Racing associations unhappy with track owner's decision to back Lasix ban
Two of Maryland's leading racing bodies, the Maryland Thoroughbred Horsemen's Association and Maryland Horse Breeders Association, have released a statement criticising the Stronach Group's decision to back a ban on raceday use of Lasix.
The Stronach Group, which owns Pimlico, Maryland Jockey Club and Rosecroft racecourses in the east coast state, were among a number of leading racecourse owners to support an initiative that intends to phase out the anti-bleeding drug from the start of next year.
The Maryland racing professionals' statement, signed by presidents Timothy L Keefe and Michael J Harrison, said: "It is most disappointing that the Stronach Group at no time has sought to engage or have any discussions with us regarding their recent divisive decision to seek to implement a ban on the use of Furosemide [Lasix] on raceday for our horses, the only safe and effective medication scientifically proven to mitigate the adverse effects of exercise-induced pulmonary haemorrhage [EIPH]."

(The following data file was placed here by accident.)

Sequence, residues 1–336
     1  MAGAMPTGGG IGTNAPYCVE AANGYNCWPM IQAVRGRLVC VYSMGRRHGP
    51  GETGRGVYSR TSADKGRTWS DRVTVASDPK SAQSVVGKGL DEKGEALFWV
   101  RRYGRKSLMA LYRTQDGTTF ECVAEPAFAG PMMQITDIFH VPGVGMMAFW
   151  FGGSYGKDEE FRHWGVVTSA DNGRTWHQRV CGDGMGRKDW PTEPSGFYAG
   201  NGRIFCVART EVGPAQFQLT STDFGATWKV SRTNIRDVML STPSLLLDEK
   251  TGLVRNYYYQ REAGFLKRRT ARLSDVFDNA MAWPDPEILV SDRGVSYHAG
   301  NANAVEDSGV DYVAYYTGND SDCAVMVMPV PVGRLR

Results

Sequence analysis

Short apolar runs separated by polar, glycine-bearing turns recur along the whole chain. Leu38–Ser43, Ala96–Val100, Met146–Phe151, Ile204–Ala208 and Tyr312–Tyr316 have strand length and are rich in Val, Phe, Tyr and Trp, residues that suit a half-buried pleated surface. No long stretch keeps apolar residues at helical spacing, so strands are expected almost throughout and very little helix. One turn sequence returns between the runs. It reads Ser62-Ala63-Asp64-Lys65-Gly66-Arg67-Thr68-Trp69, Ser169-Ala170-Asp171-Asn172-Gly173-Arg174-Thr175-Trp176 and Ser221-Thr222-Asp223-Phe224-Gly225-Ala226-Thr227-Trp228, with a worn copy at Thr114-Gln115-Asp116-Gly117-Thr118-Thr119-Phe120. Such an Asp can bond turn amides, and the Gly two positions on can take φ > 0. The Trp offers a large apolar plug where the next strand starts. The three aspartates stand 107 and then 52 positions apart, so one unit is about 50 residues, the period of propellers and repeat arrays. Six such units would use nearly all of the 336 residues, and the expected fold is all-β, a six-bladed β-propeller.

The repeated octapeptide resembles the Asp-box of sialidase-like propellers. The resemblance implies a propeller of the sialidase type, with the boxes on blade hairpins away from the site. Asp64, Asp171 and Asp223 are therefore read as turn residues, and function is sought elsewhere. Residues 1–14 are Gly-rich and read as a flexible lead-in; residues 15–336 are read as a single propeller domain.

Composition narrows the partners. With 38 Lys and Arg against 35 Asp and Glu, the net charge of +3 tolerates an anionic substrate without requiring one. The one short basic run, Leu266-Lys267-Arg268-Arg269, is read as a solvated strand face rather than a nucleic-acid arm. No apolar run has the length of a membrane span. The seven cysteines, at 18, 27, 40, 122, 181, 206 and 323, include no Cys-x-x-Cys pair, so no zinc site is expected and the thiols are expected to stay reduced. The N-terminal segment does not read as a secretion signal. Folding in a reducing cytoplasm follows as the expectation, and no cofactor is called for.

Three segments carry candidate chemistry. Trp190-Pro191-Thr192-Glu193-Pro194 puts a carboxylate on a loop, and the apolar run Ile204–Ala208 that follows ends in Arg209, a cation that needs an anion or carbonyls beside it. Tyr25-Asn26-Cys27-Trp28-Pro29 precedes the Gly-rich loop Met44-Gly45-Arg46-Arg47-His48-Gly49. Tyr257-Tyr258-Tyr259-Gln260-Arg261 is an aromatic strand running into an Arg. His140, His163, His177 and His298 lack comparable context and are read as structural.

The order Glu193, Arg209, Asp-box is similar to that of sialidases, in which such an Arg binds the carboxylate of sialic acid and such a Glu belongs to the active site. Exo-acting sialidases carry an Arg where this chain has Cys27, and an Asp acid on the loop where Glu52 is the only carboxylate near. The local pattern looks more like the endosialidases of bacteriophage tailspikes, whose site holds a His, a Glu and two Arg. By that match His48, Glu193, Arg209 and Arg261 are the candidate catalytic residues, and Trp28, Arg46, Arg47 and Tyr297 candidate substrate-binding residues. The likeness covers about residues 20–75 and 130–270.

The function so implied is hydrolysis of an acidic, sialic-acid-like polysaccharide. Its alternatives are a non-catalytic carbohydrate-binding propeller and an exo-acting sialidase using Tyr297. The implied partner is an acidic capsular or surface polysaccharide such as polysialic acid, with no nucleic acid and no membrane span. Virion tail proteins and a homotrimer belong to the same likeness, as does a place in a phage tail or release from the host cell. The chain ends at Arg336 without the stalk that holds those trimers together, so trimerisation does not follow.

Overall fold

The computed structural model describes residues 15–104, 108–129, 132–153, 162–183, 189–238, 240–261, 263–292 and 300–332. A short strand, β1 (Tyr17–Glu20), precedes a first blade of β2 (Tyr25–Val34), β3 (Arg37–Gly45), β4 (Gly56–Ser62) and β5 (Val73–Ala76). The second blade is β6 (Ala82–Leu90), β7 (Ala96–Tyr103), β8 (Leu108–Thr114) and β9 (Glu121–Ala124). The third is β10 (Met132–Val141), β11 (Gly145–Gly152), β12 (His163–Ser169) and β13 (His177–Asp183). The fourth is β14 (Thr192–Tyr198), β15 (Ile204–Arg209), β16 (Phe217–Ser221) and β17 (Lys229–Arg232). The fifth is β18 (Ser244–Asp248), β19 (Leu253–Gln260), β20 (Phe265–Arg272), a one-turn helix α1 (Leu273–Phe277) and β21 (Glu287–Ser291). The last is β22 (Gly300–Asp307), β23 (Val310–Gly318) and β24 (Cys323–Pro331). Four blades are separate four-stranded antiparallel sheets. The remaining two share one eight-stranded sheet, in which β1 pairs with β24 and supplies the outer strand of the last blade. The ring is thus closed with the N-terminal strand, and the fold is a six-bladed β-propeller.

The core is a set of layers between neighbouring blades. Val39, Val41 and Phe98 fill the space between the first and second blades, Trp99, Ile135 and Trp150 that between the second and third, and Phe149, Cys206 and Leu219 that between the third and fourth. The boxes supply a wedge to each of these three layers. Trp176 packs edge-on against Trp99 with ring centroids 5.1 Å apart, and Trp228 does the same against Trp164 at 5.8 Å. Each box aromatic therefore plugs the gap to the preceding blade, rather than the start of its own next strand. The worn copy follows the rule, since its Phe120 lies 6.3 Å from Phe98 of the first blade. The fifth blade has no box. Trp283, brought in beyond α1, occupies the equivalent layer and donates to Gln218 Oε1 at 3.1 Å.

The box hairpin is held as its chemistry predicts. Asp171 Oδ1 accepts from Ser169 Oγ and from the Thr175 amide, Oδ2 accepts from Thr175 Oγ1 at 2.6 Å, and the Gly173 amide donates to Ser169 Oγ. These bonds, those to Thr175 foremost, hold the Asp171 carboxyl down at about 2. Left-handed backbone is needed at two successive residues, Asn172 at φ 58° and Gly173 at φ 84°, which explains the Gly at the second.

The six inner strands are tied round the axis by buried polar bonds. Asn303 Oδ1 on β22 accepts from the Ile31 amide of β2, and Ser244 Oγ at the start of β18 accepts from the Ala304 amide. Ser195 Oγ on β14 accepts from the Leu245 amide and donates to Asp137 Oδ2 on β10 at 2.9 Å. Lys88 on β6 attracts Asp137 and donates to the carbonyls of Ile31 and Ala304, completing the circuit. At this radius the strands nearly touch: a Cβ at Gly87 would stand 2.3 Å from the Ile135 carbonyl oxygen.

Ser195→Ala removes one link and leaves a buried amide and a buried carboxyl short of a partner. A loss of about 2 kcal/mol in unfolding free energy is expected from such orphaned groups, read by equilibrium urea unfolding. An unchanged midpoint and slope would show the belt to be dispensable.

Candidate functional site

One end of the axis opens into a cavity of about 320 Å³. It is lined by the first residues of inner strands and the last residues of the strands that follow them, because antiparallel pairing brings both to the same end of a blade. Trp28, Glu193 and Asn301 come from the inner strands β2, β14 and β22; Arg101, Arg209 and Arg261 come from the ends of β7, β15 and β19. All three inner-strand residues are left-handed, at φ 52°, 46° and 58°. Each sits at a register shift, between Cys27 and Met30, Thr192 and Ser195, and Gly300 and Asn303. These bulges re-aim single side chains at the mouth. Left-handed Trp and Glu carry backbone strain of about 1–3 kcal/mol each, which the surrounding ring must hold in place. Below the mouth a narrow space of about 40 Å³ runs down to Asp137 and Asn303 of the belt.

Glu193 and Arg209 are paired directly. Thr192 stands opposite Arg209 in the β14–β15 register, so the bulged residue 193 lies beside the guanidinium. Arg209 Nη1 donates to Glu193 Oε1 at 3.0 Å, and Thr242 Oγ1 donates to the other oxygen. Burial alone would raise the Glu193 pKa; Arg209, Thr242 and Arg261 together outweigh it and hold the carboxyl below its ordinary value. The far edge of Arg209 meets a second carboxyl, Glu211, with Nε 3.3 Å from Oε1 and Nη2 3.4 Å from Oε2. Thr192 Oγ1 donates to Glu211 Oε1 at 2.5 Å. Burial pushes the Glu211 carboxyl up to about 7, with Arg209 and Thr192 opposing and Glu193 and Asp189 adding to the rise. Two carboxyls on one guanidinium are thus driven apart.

The Stronach Group, which also operates the 2019 Breeders' Cup venue Santa Anita, recently announced a phased-in ban on Lasix at its racecourses following a number of equine fatalities at Santa Anita over the winter.
The ban will prevent two-year-olds from being treated with Lasix 24 hours before a race, while the same rule will extend to older horses competing in stakes races from 2021.
The Maryland horsemen's statement continued: "The proposed ban, if implemented, is an experiment capable of resulting in irreparable harm to many of our horses; most importantly two-year-olds, where mitigation and prevention of EIPH is most important and necessary.
"Deprivation of a safe and effective medication for our horses is totally contrary to our commitment to the health, safety and welfare of the horse, and veterinary scientific experts and researchers agree.
"To be clear, our joint position on the use of Lasix on raceday is, and remains, that absent an effective alternative treatment for EIPH in the horse, we support the current strict and uniformly enforced regulatory protocols for the administration of Lasix on raceday."
It added: "We do not believe a partial ban is consistent with this mandate and will vigorously oppose any change to current regulatory policy in Maryland, absent a regional agreement to do so. We will always, together with our regional colleagues, place the health, safety and welfare of the horse first and foremost."
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